Greensboro, NC -- When it comes to penalties for drunk driving, how harsh is harsh enough when offenders endanger the lives of others?
Some attorneys and, of course, victims and families don't think punishment for DWI is stringent enough in North Carolina.
At the same time, some lawmakers, like Senator Don Vaughan, think the law has gone as far as it can.
But how do North Carolina's DWI laws stack up against other states?
First, the laws are very complicated and involve many factors at sent enticing; which mean some people can get away with just a slap on the wrist.
Generally speaking, a first time offender in North Carolina can be forced to pay $1,000 fine, turn over his/her license for a year and receive a six-month suspended prison sentence or community service.
Compare that to South Carolina - where the fine is the same, but license is only suspended for 6 months and jail time can be three months or 30-days of community service.
In Tennessee, first offenders may be fined up to $1,5000, go to jail for 11 months and lose their license for a year,
In New York, sentences vary based on your blood alcohol level at the time of citation.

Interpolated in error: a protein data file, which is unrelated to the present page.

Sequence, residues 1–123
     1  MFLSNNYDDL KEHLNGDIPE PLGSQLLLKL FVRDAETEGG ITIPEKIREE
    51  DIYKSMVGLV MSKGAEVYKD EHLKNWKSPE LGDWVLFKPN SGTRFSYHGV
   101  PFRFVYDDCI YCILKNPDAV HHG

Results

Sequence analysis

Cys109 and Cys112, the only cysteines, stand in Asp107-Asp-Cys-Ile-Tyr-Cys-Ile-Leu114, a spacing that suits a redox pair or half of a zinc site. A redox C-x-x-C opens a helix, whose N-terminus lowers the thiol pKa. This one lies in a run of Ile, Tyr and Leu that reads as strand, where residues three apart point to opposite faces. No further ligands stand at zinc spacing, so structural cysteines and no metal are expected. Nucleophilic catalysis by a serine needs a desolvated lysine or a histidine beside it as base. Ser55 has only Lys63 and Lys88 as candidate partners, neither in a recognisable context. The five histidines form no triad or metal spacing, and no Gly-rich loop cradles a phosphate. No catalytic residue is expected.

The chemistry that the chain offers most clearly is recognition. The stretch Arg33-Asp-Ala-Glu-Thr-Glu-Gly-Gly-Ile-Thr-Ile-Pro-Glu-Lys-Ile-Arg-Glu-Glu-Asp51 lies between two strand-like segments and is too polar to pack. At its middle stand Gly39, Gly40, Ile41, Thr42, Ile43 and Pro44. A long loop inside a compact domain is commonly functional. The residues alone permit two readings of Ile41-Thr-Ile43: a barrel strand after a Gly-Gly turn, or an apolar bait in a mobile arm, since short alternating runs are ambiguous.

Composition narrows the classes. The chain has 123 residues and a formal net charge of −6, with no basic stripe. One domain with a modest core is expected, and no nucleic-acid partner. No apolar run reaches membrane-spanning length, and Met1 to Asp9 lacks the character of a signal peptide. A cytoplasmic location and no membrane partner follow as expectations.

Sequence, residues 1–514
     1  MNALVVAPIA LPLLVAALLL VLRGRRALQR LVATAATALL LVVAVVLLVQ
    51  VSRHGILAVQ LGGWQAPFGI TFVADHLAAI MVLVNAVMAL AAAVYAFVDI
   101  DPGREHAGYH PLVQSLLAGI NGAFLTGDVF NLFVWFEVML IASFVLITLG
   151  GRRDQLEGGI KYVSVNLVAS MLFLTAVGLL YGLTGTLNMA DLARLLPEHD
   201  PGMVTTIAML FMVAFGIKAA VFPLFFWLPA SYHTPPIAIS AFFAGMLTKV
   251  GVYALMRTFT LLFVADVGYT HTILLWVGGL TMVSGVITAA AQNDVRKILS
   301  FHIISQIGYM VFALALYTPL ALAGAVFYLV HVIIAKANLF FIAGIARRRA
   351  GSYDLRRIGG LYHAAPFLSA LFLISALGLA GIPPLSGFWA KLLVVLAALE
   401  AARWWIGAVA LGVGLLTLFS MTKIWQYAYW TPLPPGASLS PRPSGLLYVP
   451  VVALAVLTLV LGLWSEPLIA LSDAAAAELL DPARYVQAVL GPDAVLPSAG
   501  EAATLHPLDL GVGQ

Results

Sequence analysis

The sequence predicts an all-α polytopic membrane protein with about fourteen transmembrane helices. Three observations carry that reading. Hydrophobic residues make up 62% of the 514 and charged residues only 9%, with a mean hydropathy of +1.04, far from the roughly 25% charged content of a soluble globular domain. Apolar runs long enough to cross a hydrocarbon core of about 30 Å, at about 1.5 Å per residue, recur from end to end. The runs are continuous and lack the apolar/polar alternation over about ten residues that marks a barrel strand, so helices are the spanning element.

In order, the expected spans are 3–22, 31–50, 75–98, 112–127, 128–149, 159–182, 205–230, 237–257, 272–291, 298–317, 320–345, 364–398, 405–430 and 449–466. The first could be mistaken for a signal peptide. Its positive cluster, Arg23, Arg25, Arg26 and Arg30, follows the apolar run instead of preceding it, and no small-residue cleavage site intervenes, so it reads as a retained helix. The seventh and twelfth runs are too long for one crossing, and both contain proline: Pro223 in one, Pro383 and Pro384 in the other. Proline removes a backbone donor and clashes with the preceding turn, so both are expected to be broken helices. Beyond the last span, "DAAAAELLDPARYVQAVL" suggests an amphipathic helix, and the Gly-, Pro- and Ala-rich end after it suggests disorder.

First offenders can generally expect $1,000 fine, license revocation for 6-months and up to a year in jai.
News 2 also looked at Georgia, Florida and Iowa which have been listed as having some of the toughest laws too and found none of their laws drastically different from North Carolina.
However, just because they are similar across states doesn't mean they are stringent enough.
However, the Guilford County district attorney's office says the state must get more serious about punishing repeat offenders.
"If we can identify them and keep them locked up, if that's the only way we can keep the public safe them that's what we do," said David Long, an assistant district attorney in the Guilford County office.
Long says he's seen repeat offenders who are convicted more than 10 times, but still end up in court months, or years later, on another DWI charge.
He says he's become so frustrated with that, he sent a letter to lawmakers in Raleigh about changing an arguable kink in the law but no one responded to his request.
The loophole, allows habitual offenders to be treated like first time offenders.
Even though they can lose their license permanently and go to jail after 3 convictions, if they go another 10 years without an arrest, their next offense is not tried as a repeat offense because of a statute of limitations.